You should be proud – your business has grown to a point where you think you need to run your own server. Congratulations on your success! Now, to decide which one. There are many servers on the market, but for a small business, a Windows server is an excellent option. Windows servers offer a great way for your business to increase productivity while saving the high costs that running a server normally demands.
Theatre is wonderful, but it’s just for the grown-ups, right? Who in their right mind would take a child – especially a pre-school age child – to the theatre where they have to sit still and quiet and concentrate for possibly hours at a time? If that’s what you’re thinking, it’s time to think again. There are now theatre shows that are aimed specifically for kids, so you can avoid the rather noisy, wriggly little one; and of course, the theatre has a lot to teach kids too.
There’s no playbook for being a great parent and each family and person is different. There’s no point in trying to copy another strategy exactly. What you can do is study up on what it takes to be a good father and be grateful you’ve been given this opportunity. Accept that you’re going to make mistakes and there will be arguments. Learn from these kind of mishaps and make a promise to yourself to correct your behavior for next time. Being a decent parent doesn’t mean you’re perfect.
Muck Rack makes it simple to find people, tweets, or articles that mention any name, keyword, company, hashtag etc. We've compiled this guide to help you make the most of your search.
Selecting a term
Start searching tweets, articles from media outlets, articles mentioned in tweets, journalists'
names, titles and bios with some suggested searches:
Companies or Topics (e.g. iPhone, Microsoft)
Phrases (e.g. "cloud computing") — use quotes to keep the terms together
Twitter handles (e.g. @username) — returns those who have mentioned or replied to
Names (e.g. "David Pogue")
Hashtags (e.g. #sxsw, #london2012)
Bio details (e.g. vegan, Olympics, father)
Muck Rack's Advanced Search allows for many boolean operators.
Find results that mention multiple specified terms, use AND or
+. For example, ensure each result contains both Elon Musk and Mark Zuckerberg by
searching Musk AND Zuckerberg or Musk + Zuckerberg.
Use the operators OR or , to broaden your search when you'd like either of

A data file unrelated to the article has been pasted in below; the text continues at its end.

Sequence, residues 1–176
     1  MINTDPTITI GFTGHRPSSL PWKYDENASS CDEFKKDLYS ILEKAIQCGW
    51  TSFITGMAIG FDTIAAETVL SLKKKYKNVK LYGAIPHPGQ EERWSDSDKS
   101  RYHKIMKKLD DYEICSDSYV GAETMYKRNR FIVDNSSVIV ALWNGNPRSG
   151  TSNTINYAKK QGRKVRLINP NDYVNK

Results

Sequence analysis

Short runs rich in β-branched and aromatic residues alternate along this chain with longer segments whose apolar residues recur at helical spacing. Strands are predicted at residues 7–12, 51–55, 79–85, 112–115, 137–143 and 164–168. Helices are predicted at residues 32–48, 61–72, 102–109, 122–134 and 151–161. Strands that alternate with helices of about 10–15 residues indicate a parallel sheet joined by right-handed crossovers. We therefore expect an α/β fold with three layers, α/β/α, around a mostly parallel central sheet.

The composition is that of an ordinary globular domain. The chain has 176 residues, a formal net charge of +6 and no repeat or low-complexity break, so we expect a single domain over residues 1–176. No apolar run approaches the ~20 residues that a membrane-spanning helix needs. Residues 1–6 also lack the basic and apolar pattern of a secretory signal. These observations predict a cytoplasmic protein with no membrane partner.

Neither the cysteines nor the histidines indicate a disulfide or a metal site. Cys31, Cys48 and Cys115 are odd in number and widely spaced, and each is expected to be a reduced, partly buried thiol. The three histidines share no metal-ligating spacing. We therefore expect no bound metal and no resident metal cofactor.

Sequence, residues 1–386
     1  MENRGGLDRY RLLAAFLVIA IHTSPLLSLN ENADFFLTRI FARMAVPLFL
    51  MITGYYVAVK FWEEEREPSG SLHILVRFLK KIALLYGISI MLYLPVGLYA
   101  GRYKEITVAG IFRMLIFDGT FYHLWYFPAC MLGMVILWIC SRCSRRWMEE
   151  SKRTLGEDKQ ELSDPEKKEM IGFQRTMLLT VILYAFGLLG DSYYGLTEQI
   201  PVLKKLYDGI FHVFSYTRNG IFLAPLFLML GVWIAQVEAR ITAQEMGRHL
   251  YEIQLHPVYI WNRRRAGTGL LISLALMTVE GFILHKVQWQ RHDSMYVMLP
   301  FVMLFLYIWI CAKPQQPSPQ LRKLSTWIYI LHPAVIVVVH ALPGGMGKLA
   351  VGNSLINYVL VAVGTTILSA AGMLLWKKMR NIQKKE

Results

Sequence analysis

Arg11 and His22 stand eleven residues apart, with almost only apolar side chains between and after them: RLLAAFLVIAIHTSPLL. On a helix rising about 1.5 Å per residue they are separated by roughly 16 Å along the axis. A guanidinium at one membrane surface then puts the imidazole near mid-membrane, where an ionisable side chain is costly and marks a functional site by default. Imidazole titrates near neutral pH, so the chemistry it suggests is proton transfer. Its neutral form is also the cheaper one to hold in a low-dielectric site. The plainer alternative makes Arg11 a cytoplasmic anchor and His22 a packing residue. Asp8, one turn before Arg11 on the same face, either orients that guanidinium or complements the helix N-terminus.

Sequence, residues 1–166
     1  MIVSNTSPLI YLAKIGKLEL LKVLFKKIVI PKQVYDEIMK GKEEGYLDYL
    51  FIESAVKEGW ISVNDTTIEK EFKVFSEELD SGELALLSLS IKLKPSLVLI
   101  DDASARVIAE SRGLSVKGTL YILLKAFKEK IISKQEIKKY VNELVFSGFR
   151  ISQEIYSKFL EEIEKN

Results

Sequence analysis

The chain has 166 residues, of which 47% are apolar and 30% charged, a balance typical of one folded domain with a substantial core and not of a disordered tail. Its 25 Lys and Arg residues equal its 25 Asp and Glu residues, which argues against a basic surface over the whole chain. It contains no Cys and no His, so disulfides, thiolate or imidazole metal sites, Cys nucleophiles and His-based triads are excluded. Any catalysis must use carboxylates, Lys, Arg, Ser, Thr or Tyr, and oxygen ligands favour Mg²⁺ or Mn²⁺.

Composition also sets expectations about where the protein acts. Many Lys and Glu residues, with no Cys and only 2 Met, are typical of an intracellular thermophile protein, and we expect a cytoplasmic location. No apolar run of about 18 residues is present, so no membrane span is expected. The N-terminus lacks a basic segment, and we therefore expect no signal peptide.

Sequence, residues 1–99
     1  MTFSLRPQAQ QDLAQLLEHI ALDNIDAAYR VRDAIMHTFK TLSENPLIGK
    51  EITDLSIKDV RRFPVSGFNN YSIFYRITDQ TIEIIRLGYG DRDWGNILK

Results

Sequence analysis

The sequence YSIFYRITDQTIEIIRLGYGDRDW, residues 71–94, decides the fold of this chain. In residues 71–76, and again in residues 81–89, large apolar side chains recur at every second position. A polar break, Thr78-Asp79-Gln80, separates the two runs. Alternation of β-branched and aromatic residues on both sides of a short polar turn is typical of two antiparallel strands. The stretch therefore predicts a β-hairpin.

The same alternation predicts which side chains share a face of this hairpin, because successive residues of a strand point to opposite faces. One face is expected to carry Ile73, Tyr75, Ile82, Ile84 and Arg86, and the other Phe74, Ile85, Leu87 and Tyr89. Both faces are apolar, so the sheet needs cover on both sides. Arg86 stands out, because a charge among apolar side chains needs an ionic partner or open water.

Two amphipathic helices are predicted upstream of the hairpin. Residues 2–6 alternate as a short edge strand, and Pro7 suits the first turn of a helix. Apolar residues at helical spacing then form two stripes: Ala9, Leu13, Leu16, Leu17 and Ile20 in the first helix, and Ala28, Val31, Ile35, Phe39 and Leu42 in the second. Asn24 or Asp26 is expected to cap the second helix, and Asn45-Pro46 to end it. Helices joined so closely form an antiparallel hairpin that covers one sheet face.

multiple terms to appear in results. (This is the default behavior of our search when no operators
are used). For example, results will contain either cake or cookie by searching cake OR cookie or cake,cookie
Use NOT or - to subtract results from your search. For
example, searching Disney will yield results about the Walt Disney Company as well as Walt Disney
World Resort. To exclude mentions of Disney World, search for Disney -World or Disney
When using one of these operators with a phrase, enclose it in quotation marks. For example, you can
find results about smartphones excluding Apple's iPhone 4S by searching smartphone -"iPhone
Exact case matching or punctuation
If you're searching for a brand name or keyword that relies on specific punctuation marks or capitalization, you can
find results that match your exact query by adding matchcase: before the keyword you're searching for, like matchcase:E*TRADE .
Use parentheses to separate multiple
boolean phrases. For example, to find journalists talking about having fun in Disney World or
Disneyland, search for ("disney world" OR disneyland) AND fun.
An asterisk can be used to search for any variation of a root word truncated by the asterisk. For example, searching for admin* will return results for administrator, administration, administer, administered, etc.
A near operator is an AND operator where you can control the distance between the words. You can vary the distance the near operation uses by adding a forward slash and number (between 0-99) such as strawberries NEAR/10 "whipped cream", which means the strawberries must exist within 10 words of "whipped cream".